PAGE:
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Burbank

The entertainment industry’s home base offers a microcosm of stars, shopping, and cool tours

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If you come to Los Angeles wishing to see where movie magic gets made, look on the other side of Hollywood—literally.

“I always tell people that when they see the Hollywood sign, if you climb over that hill, the other side is Burbank—and that’s where the movies are made,” says Tom Whelan, the general manager of Burbank’s AAA Four-Diamond Hotel Amarano, and chairman of the Burbank Hospitality Association.

Indeed, this Los Angeles County town, just north of the geographic Hollywood, is the headquarters for a number of heavy hitters, like Warner Bros. and Disney Studios. “People often don’t realize that Burbank is the media capital of the world,” says Whelan. “Most sitcoms, talk shows, and a lot of movies are all done in Burbank. Remember the movie The Perfect Storm? Those scenes at sea were made in a giant water tank—in Burbank.”

Any visit here could easily center around the Warner Bros. Studio Tour Hollywood—with its 110-acre backlot of movie and TV sets, as well as exhibits of props and soundstages—along with a day or two at nearby Universal Studios Hollywood. (Disney Studios offers a few tours, too, especially if you book an Adventures by Disney vacation package.)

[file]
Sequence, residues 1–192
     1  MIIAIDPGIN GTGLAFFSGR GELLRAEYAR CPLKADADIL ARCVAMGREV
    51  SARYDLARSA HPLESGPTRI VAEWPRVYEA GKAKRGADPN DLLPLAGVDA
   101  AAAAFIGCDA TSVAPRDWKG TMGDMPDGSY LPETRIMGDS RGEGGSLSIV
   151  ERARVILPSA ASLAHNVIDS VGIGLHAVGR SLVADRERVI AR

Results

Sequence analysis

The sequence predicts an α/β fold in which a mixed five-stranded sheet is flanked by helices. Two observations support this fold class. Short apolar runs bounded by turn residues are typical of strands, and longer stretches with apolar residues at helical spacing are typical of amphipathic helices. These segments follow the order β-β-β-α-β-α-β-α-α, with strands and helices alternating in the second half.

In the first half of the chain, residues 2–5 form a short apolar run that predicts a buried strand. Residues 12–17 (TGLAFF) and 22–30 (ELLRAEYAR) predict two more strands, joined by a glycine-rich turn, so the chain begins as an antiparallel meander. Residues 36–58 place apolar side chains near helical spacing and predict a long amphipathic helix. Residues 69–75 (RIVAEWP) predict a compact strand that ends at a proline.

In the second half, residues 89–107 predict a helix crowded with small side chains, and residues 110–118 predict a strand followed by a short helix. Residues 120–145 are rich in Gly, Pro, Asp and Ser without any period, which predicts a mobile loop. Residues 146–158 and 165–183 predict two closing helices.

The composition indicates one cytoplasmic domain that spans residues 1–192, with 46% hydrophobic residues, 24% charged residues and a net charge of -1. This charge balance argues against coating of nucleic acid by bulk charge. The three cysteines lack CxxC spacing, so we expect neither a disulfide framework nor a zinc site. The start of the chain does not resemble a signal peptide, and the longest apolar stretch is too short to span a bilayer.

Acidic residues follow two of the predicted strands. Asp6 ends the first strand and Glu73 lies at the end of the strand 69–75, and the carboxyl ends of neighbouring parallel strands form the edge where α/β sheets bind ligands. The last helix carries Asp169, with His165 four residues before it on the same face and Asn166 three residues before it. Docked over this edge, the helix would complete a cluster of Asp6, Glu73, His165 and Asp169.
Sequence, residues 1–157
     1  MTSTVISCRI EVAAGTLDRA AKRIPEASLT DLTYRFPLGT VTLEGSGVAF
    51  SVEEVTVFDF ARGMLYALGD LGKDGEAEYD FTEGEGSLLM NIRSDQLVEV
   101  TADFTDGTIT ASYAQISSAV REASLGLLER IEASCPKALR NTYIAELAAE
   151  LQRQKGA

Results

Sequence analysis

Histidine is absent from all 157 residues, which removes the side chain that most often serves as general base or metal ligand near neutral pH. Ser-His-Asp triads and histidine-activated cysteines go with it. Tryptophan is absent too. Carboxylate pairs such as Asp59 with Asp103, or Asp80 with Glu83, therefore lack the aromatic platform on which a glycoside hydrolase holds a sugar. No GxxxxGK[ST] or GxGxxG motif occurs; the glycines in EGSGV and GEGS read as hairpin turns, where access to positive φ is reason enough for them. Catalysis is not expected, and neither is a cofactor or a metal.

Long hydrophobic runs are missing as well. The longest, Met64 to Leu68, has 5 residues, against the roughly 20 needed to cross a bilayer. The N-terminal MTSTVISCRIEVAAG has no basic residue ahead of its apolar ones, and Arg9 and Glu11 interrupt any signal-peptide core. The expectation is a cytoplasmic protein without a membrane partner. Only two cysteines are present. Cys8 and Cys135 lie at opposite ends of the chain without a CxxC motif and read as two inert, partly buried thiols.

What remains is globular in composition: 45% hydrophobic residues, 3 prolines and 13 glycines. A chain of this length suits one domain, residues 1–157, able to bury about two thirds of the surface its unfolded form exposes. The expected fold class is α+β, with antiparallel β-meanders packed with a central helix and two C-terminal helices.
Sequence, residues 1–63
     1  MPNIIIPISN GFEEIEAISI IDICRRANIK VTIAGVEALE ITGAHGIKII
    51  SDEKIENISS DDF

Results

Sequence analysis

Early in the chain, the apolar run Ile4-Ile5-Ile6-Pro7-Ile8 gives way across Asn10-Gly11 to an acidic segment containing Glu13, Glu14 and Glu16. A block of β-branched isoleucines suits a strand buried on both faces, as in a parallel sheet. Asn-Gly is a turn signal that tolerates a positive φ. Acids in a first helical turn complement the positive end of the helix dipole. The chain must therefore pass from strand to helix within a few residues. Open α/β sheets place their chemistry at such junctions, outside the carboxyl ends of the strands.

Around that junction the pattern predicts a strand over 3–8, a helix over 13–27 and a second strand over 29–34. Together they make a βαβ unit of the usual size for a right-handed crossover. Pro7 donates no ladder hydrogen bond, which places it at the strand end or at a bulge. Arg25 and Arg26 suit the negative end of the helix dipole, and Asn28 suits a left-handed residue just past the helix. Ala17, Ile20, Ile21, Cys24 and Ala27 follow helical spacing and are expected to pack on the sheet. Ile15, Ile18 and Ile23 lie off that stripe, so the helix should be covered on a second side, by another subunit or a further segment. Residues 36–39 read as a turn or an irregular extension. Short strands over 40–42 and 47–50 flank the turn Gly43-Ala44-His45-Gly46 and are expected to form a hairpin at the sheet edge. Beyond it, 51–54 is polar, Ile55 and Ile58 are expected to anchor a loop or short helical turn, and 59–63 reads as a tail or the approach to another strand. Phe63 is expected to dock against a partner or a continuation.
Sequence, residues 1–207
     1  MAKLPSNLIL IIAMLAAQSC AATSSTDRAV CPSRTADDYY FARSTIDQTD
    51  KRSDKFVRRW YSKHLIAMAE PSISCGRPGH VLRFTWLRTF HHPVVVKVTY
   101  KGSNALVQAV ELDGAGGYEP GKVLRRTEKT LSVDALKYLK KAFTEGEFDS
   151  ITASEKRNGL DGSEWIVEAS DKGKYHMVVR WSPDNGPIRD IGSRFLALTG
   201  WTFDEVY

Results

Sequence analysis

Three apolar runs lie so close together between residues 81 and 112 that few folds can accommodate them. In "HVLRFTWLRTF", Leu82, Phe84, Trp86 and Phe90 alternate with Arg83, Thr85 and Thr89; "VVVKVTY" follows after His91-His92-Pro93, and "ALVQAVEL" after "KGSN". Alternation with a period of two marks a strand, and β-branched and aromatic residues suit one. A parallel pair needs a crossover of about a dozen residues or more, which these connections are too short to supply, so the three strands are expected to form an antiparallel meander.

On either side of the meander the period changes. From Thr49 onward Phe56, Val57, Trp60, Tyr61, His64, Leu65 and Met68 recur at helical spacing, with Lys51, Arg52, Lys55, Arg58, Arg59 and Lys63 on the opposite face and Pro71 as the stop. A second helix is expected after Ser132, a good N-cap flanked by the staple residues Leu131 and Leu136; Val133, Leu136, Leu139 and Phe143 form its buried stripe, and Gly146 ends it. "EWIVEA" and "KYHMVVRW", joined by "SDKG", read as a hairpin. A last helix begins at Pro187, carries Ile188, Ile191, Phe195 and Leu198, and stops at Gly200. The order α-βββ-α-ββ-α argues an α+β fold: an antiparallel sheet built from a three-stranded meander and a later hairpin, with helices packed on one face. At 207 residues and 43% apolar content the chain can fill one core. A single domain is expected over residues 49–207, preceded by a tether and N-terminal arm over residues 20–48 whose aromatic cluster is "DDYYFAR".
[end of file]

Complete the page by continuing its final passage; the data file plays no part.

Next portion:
But the city is more than a collection of studio lots. Since this is the working turf of many visiting entertainment-industry types, there are plenty of local places to stay, from the plush boutique Amarano (with its saltwater pool, complimentary French bonbons, and a reasonable chance of seeing stars in the lobby) to the retro-styled Safari Inn, which has played small parts in films and shows such as True Romance and Desperate Housewives. Getting here is easy, too: Hollywood Burbank Airport offers easy entry into L.A. by way of airlines such as Alaska Airlines, JetBlue, United, and Southwest.

Beyond the industry-driven Media District, the city has two more distinct areas. The Downtown Burbank district—where the 20th-century city was first born out of the emerging movie industry, along with airplane manufacturing during World War II—is now home to eateries such as Moore’s Delicatessen (an animators’ hangout, complete with doodles on the walls), the braised-beef soft tacos at foodie magnet Guisados, or Fosters Freeze, the ’50s-era drive-in famous for offering the first soft-serve ice cream cones in the region. To go full circle in the movie-making process, watch a blockbuster at downtown’s AMC Burbank 16, one of the top-grossing movie theaters in the U.S. Come in October for the Burbank Beer Festival, when a few blocks of San Fernando Boulevard get blocked off for live music and craft beer tastings.

For more dining and shopping, wander the diverse Magnolia Park neighborhood, with the Cuban-style chorizo pies and guava strudels at acclaimed Porto’s Bakery, or the eco-friendly, all-California beer bar Tony’s Darts Away. Magnolia Park also has a thriving “vintage-inspired” shopping scene, like the ’50s-style fashions at Unique Vintage, or the ultimate Hollywood souvenirs from It’s A Wrap!, the Magnolia Boulevard shop that sells off props and costumes from TV shows and movies; check its website to see which productions are supplying the current inventory. 

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